The mythical cord of wood
I purchased another "cord" of wood and it was delivered yesterday. I have for several years harvested free wood, so this it my first purchase in some time. The seller assured me he understands a cord is 128 cubic feet of wood, assumed stacked neatly. My area is approximately 8 feet wide, so if I can fill it 4 feet high and 4 feet deep I have about a cord of wood. After stacking the delivery I measure about 70% of a cord. While I've done better in the past, none ever better than about 90%.
One could argue I stack my wood too tight, but I wonder. The wood was delivered in a large high dump truck, so there was no easy way to tell looking at the load how much wood was in there, I know one can't get a cord of wood in a normal pickup unless it has high sides on it and the wood is stacked there-in, a lot of work for not a lot of money. The dump truck was loaded by a conveyer belt, so the wood had a lot of air space around it in the truck.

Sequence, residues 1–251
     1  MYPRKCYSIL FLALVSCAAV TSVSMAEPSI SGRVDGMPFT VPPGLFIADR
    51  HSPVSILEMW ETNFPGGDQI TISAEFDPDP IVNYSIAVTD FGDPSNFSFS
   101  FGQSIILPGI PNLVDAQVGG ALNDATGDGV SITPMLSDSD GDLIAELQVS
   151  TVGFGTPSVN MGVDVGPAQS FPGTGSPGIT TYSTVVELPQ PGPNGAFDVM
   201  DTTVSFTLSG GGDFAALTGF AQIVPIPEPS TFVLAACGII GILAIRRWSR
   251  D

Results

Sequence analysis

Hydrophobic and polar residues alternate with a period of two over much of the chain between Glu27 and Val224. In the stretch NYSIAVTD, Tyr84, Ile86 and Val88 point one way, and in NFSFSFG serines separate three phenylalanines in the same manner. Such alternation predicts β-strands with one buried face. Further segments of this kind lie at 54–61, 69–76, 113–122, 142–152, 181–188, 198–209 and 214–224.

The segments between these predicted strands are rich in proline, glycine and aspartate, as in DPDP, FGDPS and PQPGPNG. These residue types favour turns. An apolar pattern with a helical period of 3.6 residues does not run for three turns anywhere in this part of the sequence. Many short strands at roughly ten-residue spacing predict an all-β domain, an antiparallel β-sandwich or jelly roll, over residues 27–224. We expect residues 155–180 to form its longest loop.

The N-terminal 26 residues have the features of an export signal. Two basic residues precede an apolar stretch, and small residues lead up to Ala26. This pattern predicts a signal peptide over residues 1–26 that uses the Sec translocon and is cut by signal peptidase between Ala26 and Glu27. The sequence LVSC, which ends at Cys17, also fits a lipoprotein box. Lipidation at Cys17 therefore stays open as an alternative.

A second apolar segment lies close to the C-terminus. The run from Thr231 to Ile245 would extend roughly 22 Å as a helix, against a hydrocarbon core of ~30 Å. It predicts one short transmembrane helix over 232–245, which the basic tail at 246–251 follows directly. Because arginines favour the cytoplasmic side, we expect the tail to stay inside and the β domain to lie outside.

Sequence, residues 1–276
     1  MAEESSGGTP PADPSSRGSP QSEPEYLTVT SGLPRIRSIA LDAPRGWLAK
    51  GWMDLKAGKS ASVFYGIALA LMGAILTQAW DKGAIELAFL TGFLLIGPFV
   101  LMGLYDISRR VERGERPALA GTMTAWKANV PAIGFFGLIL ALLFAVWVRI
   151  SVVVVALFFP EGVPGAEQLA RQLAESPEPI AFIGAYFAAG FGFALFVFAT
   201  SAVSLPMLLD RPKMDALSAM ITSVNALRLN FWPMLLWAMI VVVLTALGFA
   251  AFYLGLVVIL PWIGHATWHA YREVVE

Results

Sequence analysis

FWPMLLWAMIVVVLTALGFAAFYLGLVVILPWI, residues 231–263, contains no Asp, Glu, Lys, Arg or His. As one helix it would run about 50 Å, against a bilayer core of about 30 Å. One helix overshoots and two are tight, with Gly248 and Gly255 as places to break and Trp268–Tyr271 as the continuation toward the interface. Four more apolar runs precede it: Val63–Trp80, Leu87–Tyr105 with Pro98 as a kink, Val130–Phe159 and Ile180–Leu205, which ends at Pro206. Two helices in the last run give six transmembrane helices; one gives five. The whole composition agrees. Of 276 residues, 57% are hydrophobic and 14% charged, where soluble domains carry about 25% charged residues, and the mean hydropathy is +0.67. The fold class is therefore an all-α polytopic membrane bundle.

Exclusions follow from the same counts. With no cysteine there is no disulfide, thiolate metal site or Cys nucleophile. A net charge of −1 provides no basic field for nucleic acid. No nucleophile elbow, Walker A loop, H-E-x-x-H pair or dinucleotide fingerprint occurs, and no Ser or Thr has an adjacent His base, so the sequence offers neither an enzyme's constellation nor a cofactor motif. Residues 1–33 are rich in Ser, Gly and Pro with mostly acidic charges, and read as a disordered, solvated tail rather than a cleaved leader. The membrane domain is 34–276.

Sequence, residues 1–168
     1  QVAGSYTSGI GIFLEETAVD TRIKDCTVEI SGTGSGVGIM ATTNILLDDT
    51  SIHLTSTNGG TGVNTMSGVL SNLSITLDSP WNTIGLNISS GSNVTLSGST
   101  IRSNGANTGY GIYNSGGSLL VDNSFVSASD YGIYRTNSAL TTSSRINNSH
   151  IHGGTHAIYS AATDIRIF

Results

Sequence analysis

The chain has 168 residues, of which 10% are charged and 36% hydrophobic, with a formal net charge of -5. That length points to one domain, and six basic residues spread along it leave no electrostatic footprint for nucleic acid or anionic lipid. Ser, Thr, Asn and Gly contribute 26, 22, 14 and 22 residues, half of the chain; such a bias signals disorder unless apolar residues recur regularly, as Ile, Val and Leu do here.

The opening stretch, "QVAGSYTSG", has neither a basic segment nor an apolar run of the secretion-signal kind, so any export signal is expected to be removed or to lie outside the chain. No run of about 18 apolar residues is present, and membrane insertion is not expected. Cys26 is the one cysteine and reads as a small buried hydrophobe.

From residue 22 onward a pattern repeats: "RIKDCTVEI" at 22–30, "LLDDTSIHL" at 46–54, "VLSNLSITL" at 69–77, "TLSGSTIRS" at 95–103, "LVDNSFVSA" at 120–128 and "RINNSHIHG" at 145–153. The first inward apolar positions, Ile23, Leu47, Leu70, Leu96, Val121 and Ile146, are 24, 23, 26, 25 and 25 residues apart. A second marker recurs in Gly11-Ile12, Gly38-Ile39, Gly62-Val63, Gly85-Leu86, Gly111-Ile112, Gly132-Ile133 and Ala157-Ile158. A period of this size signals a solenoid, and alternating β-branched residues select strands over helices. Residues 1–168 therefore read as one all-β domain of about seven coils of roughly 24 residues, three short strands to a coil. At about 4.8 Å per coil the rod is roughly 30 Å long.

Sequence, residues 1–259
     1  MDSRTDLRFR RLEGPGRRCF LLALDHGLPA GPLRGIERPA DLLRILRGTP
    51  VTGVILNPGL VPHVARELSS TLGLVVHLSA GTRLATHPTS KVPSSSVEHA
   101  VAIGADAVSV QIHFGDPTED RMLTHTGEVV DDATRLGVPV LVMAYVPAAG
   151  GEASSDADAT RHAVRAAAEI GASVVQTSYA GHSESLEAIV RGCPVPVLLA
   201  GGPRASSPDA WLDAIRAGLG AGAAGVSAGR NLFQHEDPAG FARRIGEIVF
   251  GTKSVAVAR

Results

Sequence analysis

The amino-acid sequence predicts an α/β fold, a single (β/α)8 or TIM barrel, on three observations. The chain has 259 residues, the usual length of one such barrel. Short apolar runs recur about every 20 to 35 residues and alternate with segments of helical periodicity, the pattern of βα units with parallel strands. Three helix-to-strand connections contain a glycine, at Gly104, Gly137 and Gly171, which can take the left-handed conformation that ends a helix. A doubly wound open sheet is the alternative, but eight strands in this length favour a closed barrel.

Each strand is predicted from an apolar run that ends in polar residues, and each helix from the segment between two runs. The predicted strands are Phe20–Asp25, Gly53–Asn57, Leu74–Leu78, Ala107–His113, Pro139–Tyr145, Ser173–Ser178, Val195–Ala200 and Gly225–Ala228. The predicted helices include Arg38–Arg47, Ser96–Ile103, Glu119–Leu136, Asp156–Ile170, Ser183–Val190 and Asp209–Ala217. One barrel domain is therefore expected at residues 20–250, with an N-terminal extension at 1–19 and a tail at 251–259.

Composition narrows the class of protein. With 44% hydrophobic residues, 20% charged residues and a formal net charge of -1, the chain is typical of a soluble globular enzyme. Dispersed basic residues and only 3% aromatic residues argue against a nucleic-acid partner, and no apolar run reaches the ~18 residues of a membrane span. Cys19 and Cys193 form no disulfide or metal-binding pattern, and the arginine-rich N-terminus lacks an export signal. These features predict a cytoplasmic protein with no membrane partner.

Am I measureing wrong or stacking wrong, or is it (almost) impossible to get a cord when you pay for a cord, any recommendations on sources in Hunderdon NJ? I'll write it down for next time. I have looked at the stacks of fire wood for sale at the curb in my rural area. Offered at $5 or so for a stack, but the stack is almost all air. The stack is constructed by layers of two pieces of wood on each layer, perhaps 5 layers, or a total of 10 pieces of wood. The way it is stacked I'd say the volume of the stack is 5 cubic feet, but stacked side by side would be no more than 2 cubic feet, or about $300 per cord. At least I did better than that, a so-called cord in this part of NJ is now $175 and up. At what I got its real cost was more like $250, not a lot better, I'd better go do a more careful count on the wood in those stacks.
One neighbor buys bulk wood, lengths of trees that he cuts and splits. I wonder how "size" of that delivery is estimated, as it too I believe is sold by the cord, but it could be sold by the ton, which one can relate to a cord given the type of wood/density. I think this type of purchase is more accurate. This all makes me thing wood pellets and corn as fuel may be a good choice. It may seem a bit more expensive than hard wood, but as it is sold by the pound, you do get what you pay for.